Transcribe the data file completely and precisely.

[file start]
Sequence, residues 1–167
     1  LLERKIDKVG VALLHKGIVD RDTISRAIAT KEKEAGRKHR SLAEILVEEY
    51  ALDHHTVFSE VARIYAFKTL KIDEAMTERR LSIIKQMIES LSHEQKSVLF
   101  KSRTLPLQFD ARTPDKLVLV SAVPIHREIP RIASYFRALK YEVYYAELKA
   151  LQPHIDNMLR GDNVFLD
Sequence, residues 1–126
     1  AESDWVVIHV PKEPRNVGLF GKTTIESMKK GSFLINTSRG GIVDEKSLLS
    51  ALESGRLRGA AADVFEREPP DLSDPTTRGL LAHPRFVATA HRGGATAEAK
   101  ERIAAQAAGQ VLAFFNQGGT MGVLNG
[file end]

Sequence, residues 1–167
     1  LLERKIDKVG VALLHKGIVD RDTISRAIAT KEKEAGRKHR SLAEILVEEY
    51  ALDHHTVFSE VARIYAFKTL KIDEAMTERR LSIIKQMIES LSHEQKSVLF
   101  KSRTLPLQFD ARTPDKLVLV SAVPIHREIP RIASYFRALK YEVYYAELKA
   151  LQPHIDNMLR GDNVFLD
Sequence, residues 1–126
     1  AESDWVVIHV PKEPRNVGLF GKTTIESMKK GSFLINTSRG GIVDEKSLLS
    51  ALESGRLRGA AADVFEREPP DLSDPTTRGL LAHPRFVATA HRGGATAEAK
   101  ERIAAQAAGQ VLAFFNQGGT MGVLNG